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Saturday, October 1, 2011

2012 Will Be An Awful Year

Yesterday as I was leaving the house to fill an important prescription I needed for a flu, I ran into a dear neighbor Eric. We started a casual conversation. You know, "making small talk." At first we talked about our travels and adventures. Then we both started to talk about the "here and now."

We both agreed that we had never seen this country in such bad shape. I mentioned the great website Shadow Statistics that sets the actual US unemployment rate at 16%; just short of the unemployment one sees in a great depression. We agreed that the government is not telling the population the truth about what is going on. If they told the truth, we all would panic, or so they think.

Eric and I both agreed that 2012 is going to be a bad year with more unemployment, foreclosures, and economic misery. Eric and I felt sorry for the young people just starting their careers and looking for work.

Eric was especially skeptical of the right-wing politicians who want to take the benefits away from the poor. I pointed out to him that I spent 5 years living in Brasil in the 1970's during the military government. At that time Brasil was a society where 97% of the productive assets were controlled by 1% of the population. You were either rich /upper middle class or poor.

I was an American man from a humble middle class family in Houston. But with my total expatriate benefit package of $50,000 a year US, I was in the upper class in Brasil. I lived in a humble middle class apartment. I didn't own a car. I had no fancy jewelry. I did not have a fancy wardrobe. When I walked out on the streets of Rio, I could have easily been mistaken for a Brasilian of German ancestry from the south of the country.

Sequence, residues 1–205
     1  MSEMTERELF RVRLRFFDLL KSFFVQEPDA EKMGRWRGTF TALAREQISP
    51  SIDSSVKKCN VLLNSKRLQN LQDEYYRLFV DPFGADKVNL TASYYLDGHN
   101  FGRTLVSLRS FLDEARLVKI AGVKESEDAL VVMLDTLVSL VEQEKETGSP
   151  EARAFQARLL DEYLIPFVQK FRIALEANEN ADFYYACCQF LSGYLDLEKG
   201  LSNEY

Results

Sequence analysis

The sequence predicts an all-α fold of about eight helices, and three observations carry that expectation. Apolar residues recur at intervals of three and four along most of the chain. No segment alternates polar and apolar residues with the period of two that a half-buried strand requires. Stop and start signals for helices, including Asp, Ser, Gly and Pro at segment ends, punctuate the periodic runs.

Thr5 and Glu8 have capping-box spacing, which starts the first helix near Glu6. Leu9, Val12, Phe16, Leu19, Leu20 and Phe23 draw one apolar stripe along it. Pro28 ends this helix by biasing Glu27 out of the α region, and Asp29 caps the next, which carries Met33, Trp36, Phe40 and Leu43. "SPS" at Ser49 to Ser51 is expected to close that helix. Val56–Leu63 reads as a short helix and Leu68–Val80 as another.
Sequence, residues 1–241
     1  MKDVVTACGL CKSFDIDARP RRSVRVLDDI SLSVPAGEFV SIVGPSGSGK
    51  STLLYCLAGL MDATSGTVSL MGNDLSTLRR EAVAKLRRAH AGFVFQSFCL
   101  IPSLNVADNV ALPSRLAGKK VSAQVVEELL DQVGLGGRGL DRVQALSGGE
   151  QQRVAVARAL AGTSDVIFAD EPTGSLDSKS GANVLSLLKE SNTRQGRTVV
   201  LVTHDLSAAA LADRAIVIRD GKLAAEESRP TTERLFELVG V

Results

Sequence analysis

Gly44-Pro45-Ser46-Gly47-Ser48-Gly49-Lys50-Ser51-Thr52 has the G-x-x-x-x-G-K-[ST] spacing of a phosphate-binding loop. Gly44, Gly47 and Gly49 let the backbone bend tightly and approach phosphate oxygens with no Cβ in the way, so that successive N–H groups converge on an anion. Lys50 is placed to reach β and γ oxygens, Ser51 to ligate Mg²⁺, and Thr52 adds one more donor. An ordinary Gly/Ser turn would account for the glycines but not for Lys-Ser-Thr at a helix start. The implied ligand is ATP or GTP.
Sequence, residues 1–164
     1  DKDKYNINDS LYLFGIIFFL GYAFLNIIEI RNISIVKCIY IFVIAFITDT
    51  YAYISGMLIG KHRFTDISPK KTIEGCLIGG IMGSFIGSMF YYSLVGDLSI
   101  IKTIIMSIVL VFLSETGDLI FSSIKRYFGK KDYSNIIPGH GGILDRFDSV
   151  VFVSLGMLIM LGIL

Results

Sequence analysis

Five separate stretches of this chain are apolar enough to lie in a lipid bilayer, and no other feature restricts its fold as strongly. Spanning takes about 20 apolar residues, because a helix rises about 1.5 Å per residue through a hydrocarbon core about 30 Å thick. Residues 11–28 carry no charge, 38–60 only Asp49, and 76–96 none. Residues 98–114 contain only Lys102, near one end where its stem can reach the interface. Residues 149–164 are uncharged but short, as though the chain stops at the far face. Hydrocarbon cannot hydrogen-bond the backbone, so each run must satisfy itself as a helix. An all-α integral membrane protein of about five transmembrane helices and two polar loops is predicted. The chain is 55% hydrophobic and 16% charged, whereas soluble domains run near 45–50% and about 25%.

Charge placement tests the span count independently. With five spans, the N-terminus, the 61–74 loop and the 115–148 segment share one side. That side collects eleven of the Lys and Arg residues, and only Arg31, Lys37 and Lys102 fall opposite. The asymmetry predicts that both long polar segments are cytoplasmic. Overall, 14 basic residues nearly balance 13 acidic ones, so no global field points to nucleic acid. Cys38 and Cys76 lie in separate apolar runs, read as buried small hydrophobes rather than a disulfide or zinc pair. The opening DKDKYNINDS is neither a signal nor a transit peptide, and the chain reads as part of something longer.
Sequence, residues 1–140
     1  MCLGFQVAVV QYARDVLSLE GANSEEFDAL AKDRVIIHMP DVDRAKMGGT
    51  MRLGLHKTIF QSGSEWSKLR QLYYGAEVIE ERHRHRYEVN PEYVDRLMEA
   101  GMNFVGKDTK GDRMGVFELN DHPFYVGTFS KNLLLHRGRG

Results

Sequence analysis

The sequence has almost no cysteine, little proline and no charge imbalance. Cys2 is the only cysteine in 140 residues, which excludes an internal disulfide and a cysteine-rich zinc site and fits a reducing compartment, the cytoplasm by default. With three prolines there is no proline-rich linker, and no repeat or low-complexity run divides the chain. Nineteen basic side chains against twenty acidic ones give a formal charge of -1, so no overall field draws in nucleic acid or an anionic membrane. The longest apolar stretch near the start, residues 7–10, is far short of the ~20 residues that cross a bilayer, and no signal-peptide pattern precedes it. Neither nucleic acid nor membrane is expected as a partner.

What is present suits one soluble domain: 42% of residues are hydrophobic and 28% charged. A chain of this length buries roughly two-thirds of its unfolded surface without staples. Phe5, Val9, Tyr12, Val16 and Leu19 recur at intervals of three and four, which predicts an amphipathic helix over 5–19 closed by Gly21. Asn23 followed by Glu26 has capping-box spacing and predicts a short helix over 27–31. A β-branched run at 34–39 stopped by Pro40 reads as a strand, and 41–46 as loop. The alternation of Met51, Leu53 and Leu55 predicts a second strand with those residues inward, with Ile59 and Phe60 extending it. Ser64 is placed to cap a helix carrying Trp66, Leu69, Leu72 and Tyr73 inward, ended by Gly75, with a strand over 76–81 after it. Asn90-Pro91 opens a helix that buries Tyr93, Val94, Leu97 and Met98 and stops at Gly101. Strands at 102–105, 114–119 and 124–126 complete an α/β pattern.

I explained to Eric that it took 5 keys to get from the from door of my apartment building (Edificio Sao Roberto) to the front door of my apartment on the 5th floor. All of these keys were to make sure that some poor robber could not get up to my apartment.

I told Eric that I would get up early each morning and go for a run along Copacabana Beach. Run along with me was an off-duty Rio de Janeiro police officer named Elmo. He would always wear shirts and a tank top. He carried his shoulder holster and .38 pistol at all times. My body guard was with me to protect me against kidnappers. When the work out was finished, I had my shower and a breakfast. Elmo would be downstairs awaiting me. He drove a late-model Chevrolet. It was run down. Elmo and I looked like two poor Brasilians. This keep us out of the sights of kidnappers and robbers.

I told Eric that Elmo would drive me to work and bring me home in the evening.

I told Eric that when we move to a society with just the rich and the poor those of us with some money and assets left will have to live in fortresses.

We both agreed that the economy is going to get very ugly next year.